Defense Date


Document Type


Degree Name

Doctor of Public Administration


Public Policy & Administration

First Advisor

R. Michael McDonald


This study identifies and validates variables which are significant predictors of work release success on 439 Virginia work release participants. The variables were selected on the basis of whether they would exert internal or external control over the inmate, with a view toward offering empirical support to control theory. A retrospective longitudinal research design was employed by randomly selecting inmates who had participated in either of three work release centers from 1987 to 1991. Two of the programs housed male inmates while the other housed female inmates. Data were collected from inmate files on thirty-one variables over a six month period. Analysis employed logistic regression using work release success or failure as a dichotomous dependent variable.

A prediction model was developed using a construction sample of 416 cases. The resultant model was then used to predict and classify inmates using a randomly selected validation sample of 226 cases. Of the thirty-one variables under study, four individual factors (previous commitments, age of offense, time on the street, and prior misdemeanor convictions), two program factors (time in work release and year of work release), and one institutional adjustment factor (no institutional drug or alcohol violations), emerged as significant predictors.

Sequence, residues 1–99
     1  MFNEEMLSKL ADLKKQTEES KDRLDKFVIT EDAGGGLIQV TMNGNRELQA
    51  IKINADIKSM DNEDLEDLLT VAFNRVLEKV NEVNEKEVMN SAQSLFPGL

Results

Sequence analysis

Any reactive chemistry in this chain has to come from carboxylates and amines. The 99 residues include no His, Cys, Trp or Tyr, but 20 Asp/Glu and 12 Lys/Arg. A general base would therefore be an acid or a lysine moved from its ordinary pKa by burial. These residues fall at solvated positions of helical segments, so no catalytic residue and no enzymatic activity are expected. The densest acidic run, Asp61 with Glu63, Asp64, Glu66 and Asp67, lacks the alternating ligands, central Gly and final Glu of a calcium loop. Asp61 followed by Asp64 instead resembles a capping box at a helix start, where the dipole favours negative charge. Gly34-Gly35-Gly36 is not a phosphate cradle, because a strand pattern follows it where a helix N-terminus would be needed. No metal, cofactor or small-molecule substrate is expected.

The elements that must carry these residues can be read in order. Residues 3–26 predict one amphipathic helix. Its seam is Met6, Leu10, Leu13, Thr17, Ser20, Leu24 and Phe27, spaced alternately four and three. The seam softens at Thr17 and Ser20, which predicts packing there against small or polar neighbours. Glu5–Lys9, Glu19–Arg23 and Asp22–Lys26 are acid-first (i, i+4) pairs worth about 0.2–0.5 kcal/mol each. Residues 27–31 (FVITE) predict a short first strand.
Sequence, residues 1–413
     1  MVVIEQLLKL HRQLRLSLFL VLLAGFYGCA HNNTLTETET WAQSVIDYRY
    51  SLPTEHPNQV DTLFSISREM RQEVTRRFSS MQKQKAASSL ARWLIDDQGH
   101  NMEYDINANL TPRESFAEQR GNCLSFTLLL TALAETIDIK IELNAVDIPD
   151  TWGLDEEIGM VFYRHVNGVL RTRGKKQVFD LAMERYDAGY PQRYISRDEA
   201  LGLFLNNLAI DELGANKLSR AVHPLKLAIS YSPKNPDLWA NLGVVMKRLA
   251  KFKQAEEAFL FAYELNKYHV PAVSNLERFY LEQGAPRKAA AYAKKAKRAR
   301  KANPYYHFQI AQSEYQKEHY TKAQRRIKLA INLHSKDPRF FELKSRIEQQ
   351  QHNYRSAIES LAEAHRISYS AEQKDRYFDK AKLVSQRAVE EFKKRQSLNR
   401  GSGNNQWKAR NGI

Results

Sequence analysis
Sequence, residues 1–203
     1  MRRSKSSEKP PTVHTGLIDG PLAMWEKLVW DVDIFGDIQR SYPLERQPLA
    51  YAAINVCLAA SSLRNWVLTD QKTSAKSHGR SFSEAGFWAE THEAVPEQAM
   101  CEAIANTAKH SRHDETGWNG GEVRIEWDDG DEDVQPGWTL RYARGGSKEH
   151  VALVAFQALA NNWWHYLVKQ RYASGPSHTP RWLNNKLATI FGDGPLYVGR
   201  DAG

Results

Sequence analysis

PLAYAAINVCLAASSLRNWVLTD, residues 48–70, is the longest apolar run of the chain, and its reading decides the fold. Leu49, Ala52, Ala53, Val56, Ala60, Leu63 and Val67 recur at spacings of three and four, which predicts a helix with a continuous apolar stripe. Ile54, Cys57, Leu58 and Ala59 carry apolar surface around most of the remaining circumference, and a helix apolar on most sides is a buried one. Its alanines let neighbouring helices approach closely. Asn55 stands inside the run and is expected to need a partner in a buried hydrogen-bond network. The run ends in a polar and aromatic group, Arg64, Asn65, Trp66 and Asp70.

The study revealed that the work release staff has been successful in identifying low risk inmates, with a success rate of 86% and a failure rate of 14%. Of the failures, only six had new charges (1.4% of the total population), and three escaped or absconded (0.7% of the total population). The remaining forty-nine failures (11.1% of the total population) failed urine screens or failed due to poor work performance.

The prediction model was able to classify 88% of the validation sample correctly which is a minimal improvement over the department of corrections selection procedures.


Scanned, with permission from the author, from the original print version, which resides in University Archives.


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